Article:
From School Library Journal
Grade 3–4—The canine members of the WOOF (Words of Our Friends) Society gather together to hear stories that have been collected from dogs all over the world throughout history. The goal: to prove that dogs are accomplished storytellers who have larger vocabularies than merely "sit" and "fetch." The 11 tales that follow cover many aspects of the animals' lives and are by turns touching, funny, and sad. In "Abu: The Dog Who Ruled Egypt," Abu is catered to by everyone in the Egyptian court, except for Miu, the Royal Cat. However, at night, when it is cold in the kennel, he welcomes the warm presence of the feline curled against his back. In other stories, a garbage disposal is pooch's invisible enemy; Tidbit appears at the Grand Ole Opry with Johnny Cash; a dog learns the importance of a moniker; and a mother dog nurses abandoned kittens. At the end of the evening, the members of WOOF disband, satisfied that they are literate, and look forward to next year when they will be joined by the cats of MEOW. The stories average four to five pages, a length that allows readers to cover one or two in a sitting. Black-and-white pencil-and-ink drawings appear on almost every page, revealing the personalities of each animal and illustrating the setting of their stories. Readers will enjoy seeing the world from a canine's perspective.—Terrie Dorio, Santa Monica Public Library, CA.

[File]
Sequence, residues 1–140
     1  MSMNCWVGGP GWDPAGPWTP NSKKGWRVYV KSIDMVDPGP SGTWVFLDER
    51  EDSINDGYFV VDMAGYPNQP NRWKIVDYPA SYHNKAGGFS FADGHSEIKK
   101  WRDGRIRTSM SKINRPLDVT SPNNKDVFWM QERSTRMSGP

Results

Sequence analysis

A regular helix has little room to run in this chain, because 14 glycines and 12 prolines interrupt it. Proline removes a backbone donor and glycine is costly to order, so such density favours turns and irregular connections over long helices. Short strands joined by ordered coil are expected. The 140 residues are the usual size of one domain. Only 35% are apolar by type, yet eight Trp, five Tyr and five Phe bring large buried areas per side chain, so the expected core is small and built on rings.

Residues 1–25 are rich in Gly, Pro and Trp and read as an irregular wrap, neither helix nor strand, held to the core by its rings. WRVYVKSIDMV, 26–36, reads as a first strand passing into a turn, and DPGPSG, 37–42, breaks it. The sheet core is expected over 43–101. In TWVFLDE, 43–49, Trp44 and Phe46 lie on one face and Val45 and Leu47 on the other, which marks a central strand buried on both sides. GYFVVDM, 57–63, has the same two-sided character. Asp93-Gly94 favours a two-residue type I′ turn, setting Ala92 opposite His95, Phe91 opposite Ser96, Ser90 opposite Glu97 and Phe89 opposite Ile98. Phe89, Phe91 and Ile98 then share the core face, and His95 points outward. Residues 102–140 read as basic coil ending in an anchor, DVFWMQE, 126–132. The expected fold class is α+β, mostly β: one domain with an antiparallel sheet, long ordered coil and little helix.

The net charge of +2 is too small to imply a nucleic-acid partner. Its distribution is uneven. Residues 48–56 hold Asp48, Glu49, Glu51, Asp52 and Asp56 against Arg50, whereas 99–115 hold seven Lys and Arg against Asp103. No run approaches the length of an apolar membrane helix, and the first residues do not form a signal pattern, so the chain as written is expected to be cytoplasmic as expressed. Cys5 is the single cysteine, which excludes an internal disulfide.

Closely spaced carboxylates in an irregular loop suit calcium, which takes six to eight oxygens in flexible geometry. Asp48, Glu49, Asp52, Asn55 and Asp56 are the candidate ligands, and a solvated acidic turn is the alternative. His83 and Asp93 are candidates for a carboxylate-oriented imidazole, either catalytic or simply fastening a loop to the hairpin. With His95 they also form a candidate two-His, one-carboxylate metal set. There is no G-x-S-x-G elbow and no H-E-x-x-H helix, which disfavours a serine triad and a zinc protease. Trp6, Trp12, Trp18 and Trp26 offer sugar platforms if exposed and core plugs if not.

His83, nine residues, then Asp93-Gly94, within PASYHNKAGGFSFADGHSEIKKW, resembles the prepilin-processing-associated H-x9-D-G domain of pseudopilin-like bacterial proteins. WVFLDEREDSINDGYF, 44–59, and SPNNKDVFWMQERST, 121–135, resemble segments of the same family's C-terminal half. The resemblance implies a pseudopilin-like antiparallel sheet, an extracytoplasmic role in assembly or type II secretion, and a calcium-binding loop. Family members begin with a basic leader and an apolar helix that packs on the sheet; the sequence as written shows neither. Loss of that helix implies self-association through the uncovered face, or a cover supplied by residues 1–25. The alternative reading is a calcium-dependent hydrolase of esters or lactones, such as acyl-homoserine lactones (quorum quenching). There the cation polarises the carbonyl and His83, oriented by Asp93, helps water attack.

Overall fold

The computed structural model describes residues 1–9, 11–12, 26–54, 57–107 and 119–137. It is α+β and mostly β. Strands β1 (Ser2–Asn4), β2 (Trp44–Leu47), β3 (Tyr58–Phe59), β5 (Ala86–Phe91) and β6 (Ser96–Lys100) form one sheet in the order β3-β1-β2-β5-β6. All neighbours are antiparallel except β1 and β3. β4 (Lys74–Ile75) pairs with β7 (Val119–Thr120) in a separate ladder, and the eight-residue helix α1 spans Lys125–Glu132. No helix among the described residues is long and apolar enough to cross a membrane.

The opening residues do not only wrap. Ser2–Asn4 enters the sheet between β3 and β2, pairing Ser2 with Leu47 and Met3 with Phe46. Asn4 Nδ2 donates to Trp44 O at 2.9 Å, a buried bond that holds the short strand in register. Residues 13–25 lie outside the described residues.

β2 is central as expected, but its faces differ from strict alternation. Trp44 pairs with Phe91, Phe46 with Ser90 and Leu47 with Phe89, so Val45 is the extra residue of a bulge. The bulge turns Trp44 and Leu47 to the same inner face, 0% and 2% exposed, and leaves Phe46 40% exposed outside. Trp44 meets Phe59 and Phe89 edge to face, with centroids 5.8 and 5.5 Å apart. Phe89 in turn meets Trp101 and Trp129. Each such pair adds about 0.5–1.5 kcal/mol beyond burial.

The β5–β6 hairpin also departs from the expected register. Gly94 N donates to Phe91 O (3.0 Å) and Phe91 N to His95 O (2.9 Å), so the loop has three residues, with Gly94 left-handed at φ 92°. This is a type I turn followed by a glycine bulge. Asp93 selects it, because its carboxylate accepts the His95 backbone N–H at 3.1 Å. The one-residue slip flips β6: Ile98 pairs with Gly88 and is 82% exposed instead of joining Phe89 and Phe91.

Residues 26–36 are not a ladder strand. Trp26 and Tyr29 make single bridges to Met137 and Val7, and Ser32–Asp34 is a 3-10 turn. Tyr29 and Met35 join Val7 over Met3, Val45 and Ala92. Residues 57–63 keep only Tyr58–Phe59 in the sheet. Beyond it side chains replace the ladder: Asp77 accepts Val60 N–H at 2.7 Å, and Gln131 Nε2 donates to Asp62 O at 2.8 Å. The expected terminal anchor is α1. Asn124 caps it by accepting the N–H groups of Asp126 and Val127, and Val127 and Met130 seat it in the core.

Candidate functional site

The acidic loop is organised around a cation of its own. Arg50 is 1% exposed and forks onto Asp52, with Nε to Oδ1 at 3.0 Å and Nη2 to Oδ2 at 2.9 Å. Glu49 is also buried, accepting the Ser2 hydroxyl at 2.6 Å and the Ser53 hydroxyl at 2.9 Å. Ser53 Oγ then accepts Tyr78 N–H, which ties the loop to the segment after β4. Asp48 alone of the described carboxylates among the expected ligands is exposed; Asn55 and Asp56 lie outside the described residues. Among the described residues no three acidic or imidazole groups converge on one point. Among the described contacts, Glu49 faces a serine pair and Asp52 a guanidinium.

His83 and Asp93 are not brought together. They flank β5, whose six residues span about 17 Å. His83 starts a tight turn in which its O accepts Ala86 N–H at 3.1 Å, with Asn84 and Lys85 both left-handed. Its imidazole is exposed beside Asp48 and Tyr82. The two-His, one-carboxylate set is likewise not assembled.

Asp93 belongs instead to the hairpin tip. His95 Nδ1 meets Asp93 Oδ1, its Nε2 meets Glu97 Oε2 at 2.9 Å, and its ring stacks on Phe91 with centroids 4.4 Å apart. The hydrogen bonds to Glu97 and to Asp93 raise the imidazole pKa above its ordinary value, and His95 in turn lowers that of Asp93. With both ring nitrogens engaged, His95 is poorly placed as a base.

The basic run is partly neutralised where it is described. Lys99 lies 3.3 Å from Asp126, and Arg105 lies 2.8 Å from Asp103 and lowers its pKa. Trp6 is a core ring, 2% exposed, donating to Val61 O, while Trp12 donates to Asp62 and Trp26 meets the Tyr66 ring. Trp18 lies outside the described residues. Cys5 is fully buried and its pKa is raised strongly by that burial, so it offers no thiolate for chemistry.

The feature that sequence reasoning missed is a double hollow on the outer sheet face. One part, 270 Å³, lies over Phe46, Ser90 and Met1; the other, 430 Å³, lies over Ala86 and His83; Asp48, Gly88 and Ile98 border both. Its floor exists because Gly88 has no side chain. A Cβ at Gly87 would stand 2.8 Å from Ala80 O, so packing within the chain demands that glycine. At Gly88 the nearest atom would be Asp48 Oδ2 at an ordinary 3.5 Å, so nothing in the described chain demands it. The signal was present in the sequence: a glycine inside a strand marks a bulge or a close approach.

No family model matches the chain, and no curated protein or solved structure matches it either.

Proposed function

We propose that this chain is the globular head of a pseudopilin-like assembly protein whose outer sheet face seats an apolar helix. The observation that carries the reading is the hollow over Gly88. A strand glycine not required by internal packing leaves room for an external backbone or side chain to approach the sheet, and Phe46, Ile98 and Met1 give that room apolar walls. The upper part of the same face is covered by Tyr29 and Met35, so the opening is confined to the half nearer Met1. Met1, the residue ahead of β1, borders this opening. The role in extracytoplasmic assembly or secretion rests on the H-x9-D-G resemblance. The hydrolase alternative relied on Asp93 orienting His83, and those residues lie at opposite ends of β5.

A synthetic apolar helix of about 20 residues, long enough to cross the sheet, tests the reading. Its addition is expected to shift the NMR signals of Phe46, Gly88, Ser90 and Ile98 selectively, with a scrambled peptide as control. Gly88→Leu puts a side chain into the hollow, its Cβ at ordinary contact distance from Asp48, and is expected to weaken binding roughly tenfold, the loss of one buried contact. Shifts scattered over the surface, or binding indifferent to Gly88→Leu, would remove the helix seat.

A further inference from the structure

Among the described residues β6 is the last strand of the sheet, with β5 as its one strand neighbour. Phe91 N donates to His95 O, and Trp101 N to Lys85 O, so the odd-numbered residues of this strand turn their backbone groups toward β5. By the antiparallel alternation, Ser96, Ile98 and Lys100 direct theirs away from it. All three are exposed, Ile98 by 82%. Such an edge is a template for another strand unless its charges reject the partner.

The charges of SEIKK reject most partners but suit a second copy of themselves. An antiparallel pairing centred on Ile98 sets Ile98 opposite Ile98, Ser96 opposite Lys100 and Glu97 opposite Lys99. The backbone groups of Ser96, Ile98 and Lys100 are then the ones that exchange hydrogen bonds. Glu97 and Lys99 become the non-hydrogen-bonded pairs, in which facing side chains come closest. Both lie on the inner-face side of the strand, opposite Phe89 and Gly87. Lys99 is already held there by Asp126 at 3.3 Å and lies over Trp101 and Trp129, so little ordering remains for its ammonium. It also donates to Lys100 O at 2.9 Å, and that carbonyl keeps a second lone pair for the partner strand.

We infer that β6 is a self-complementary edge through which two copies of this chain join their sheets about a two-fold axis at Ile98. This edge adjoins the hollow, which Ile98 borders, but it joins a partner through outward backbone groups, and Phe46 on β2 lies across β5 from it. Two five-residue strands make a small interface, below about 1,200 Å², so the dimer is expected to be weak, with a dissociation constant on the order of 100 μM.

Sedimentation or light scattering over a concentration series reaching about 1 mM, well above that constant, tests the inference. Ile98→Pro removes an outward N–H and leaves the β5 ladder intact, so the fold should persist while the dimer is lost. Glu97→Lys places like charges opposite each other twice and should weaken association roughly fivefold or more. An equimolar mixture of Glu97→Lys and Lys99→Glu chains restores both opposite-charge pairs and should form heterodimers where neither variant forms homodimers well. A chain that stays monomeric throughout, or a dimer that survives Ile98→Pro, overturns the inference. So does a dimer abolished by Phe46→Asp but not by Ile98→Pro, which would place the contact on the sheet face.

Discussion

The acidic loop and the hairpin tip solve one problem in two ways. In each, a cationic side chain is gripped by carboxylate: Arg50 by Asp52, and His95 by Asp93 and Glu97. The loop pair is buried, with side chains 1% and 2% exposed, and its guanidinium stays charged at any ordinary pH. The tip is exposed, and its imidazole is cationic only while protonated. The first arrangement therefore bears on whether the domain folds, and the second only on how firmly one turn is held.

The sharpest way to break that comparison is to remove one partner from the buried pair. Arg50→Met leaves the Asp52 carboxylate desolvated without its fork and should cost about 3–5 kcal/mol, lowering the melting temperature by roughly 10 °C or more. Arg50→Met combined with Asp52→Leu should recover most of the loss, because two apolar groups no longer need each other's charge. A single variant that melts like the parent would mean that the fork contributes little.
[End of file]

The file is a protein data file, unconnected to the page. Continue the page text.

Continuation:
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From the trio who gave readers The SOS File (2004), this collection of short stories combines the bedrocks of mass appeal: dogs, humor, and short chapters brimming with illustrations. The stories include a mix of contemporary and historical, ranging from the Egyptian pharaohs to the Grand Ole Opry. Most pack a strong dose of laughs, such as "Mimi's Guide to Life," which includes tips on good places to hide after "bathroom indiscretion." Others are poignant, like the one about the dog that serves as a makeshift guide dog after a Civil War battle leaves his owner limping and blind. As a whole, the collection is slightly uneven. Weaker elements, such as an overlong introduction to the book's premise, are balanced by stronger ones, like the thrilling account of a dog that unwittingly captures a bank robber. Expressive, energetic pencil illustrations adorn nearly every page, breaking up the text for struggling or reluctant readers. Harold, Suzanne